Let us consider the first Central Committee plenum after the 19th Party Congress when Stalin, in his talk at the plenum, characterized Vyacheslav Mikhailovich Molotov and Anastas Ivanovich Mikoyan, and suggested that these old workers of our Party were guilty of some baseless charges. It is not excluded that had Stalin remained at the helm for another several months, Comrades Molotov and Mikoyan would probably have not delivered any speeches at this Congress. Stalin evidently had plans to finish off the old members of the Political Bureau. He often stated that Political Bureau members should be replaced by new ones. . . . We can assume that this was also a design for the future annihilation of the old Political Bureau members and in this way a cover for all shameful acts of Stalin, acts which we are now considering. Comrades, in order not to repeat errors of the past, the Central Committee has declared itself resolutely against the cult of the individual. We consider that Stalin was excessively extolled. However, in the past Stalin doubtless performed great services to the Party, to the working class, and to the international workers' movement. . . . We should in all seriousness consider the question of the cult of the individual. We cannot let this matter get out of the Party, especially not to the press. It is for this reason that we are considering it here at a closed congress session. We should know the limits. We should not give ammunition to the enemy. We should not wash our dirty linen before their eyes. I think that the delegates to the Congress will understand and assess properly all these proposals. [Tumultuous applause.] Comrades, we must abolish the cult of the individual decisively, once and for all. We must draw the proper conclusions concerning both ideological, theoretical, and practical work. It is necessary for this purpose:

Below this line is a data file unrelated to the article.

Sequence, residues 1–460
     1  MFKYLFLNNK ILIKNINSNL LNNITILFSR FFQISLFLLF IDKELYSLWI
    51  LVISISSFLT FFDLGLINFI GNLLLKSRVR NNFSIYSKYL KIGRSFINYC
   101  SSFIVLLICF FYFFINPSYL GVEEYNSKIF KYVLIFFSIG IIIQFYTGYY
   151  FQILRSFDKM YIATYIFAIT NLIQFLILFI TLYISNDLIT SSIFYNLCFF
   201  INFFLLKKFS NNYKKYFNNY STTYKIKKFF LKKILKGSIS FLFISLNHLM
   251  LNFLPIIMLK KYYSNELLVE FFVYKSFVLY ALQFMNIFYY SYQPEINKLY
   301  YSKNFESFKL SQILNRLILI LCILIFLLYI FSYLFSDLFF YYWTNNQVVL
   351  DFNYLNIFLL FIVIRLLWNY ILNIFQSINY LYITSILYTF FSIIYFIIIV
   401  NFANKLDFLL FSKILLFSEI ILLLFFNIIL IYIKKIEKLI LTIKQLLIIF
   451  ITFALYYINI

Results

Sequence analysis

First, in a Bolshevik manner to condemn and to eradicate the cult of the individual as alien to Marxism-Leninism and not consonant with the principles of party leadership and the norms of party life, and to fight inexorably all attempts at bringing back this practice in one form or another. To return to and actually practice in all our ideological work the most important theses of Marxist-Leninist science about the people as the creator of history and as the creator of all material and spiritual good of humanity, about the decisive role of the Marxist party in the revolutionary fight for the transformation of society, about the victory of Communism. In this connection we will be forced to do much work in order to examine critically from the Marxist-Leninist viewpoint and to correct the widely spread erroneous views connected with the cult of the individual in the sphere of history, philosophy, economy, and of other sciences, as well as in the literature and in the fine arts.

It is especially necessary that in the immediate future we compile a serious textbook of the history of our Party which will be edited in accordance with scientific Marxist objectivism, a textbook of the history of Soviet society, a book pertaining to the events of the civil war and the Great Patriotic War. Secondly, to continue systematically and consistently the work done by the Party's Central Committee during the last years, a work characterized by minute observation in all party organizations, from the bottom to the top of the Leninist principles of party leadership, characterized, above all, by the main principle of collective leadership, characterized by the observation of the norms of party life described in the statutes of our Party, and finally, characterized by the wide practice of criticism and self-criticism. Thirdly, to restore completely the Leninist principles of Soviet Socialist democracy, expressed in the constitution of the Soviet Union, to fight willfulness of individuals abusing their power. The evil caused by acts violating revolutionary Socialist legality which have accumulated during a long time as a result of the negative influence of the cult of the individual has to be completely corrected.

Comrades, the 20th Congress of the Communist Party of the Soviet Union has manifested with a new strength the unshakable unity of our Party, its cohesiveness around the Central Committee, its resolute will to accomplish the great task of building communism. [Tumultuous applause.]

And the fact that we present in all the ramifications the basic problems of overcoming the cult of the individual which is alien to Marxism-Leninism, as well as the problem of liquidating its burdensome consequences, is an evidence of the great moral and political strength of our Party. [Prolonged applause.] We are absolutely certain that our Party, armed with the historical resolutions of the 20th Congress, will lead the Soviet people along the Leninist path to new successes, to new victories. [Tumultuous, prolonged applause.] Long live the victorious banner of our Party - Leninism! [Tumultuous, prolonged applause ending in ovation. All rise.]